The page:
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Higher seroprevalence of Trypanosoma cruzi infection in dogs than in humans in an urban area of Campeche, Mexico.

Authors
  • Balan, Luis Ucan
  • Yerbes, Isai Medina
  • Piña, Miguel Angel Novelo
  • Balmes, Javier
  • Pascual, Alberto
  • Hernández, Oscar
  • Lopez, Ruth
  • Monteón, Victor
Type
Published Article
Journal
Vector borne and zoonotic diseases (Larchmont, N.Y.)
Publication Date
Jul 01, 2011
Volume
11
Issue
7
Pages
843–844
Identifiers
DOI: 10.1089/vbz.2010.0039
PMID: 21028957
Source
Medline
License
Unknown

Abstract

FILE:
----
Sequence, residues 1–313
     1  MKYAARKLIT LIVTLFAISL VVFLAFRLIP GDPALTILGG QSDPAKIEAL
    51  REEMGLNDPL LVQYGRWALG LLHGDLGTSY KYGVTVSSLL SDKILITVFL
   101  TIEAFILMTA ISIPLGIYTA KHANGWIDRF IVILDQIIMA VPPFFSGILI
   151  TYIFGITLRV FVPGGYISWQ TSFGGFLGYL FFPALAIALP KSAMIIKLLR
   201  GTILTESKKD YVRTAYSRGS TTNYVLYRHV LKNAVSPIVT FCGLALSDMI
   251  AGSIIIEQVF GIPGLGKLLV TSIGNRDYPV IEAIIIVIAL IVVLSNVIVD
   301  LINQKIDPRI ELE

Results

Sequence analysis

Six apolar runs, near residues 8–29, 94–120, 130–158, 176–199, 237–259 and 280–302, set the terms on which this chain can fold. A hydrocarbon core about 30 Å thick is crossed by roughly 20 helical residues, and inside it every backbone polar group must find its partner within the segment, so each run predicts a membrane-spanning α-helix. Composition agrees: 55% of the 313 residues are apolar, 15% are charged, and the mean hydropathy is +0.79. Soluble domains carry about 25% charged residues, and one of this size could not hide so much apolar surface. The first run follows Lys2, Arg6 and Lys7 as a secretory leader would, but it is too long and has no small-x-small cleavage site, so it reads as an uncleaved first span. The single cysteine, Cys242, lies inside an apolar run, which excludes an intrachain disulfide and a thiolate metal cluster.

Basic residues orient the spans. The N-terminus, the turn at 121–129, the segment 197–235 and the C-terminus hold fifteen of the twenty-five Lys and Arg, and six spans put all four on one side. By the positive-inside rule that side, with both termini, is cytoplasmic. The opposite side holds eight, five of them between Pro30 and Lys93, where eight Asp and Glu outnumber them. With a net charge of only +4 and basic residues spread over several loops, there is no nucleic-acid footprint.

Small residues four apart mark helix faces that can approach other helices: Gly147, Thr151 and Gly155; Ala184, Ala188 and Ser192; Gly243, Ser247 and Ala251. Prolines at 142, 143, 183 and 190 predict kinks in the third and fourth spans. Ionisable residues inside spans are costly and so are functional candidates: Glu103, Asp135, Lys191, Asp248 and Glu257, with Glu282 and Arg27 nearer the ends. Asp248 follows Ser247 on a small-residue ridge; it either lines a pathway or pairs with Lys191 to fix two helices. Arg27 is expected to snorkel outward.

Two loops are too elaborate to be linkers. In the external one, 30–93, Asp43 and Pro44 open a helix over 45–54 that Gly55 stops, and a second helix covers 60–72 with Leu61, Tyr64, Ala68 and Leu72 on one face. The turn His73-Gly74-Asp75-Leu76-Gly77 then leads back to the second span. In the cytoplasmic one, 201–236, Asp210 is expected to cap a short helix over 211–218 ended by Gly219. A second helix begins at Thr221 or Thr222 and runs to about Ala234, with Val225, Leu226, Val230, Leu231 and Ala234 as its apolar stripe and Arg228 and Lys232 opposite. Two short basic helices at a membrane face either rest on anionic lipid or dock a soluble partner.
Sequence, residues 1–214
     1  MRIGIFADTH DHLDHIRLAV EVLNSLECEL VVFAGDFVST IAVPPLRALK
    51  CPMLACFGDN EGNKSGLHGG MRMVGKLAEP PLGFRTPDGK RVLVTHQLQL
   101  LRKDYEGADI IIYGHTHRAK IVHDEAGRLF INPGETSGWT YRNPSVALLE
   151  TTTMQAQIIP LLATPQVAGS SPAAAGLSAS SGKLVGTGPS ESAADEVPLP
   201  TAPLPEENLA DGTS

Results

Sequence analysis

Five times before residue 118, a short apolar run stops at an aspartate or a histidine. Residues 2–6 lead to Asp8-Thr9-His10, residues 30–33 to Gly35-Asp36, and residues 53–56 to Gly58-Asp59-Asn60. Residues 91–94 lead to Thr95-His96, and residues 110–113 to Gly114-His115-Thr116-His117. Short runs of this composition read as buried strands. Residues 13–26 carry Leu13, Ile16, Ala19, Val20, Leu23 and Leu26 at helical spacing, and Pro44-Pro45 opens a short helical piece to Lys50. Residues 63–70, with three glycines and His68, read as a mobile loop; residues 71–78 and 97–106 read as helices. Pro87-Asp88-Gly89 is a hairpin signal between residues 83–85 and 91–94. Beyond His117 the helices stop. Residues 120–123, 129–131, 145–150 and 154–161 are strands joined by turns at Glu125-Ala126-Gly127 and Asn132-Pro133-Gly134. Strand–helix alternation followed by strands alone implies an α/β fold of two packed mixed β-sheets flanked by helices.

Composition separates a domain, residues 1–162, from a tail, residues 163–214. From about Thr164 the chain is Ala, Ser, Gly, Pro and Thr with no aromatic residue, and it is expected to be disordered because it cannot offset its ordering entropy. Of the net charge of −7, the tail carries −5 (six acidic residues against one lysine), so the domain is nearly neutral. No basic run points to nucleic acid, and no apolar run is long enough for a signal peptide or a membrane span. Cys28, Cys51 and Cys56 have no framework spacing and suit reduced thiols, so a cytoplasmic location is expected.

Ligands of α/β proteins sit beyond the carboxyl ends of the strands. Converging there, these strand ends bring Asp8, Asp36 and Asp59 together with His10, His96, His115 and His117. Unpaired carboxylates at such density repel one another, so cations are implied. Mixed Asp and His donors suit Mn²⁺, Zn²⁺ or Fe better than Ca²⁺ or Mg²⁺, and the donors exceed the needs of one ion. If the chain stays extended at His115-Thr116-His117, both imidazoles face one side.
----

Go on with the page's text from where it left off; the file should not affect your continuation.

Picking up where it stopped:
The reservoir capacity of dogs for Trypanosoma cruzi infection was analyzed in the city of Campeche, an urban town located in the Yucatan peninsula in Mexico. The city is inhabited by ~96,000 dogs and ~168,000 humans; Triatoma dimidiata is the only recognized vector. In the present study, we sampled 262 dogs (148 stray dogs and 114 pet dogs) and 2800 young people (ranging in age between 15 and 20 years old) and tested for T. cruzi antibodies by enzyme-linked immunosorbent assay, Indirect Immunofluorescence, and Western blotting serological assays. Seroprevalence in stray dogs was twice higher than in pet dogs (9.5% vs. 5.3%) with general seroprevalence of 7.6%. In humans, the observed seroprevalence was 76 times lower than in dogs (0.1% vs. 7.6%, respectively). Western blotting analysis showed that dogs' antibodies recognized different T. cruzi antigenic patterns than those for humans. In conclusion, T. cruzi infection in Campeche, Mexico, represents a low potential risk to inhabitants but deserves vigilance.

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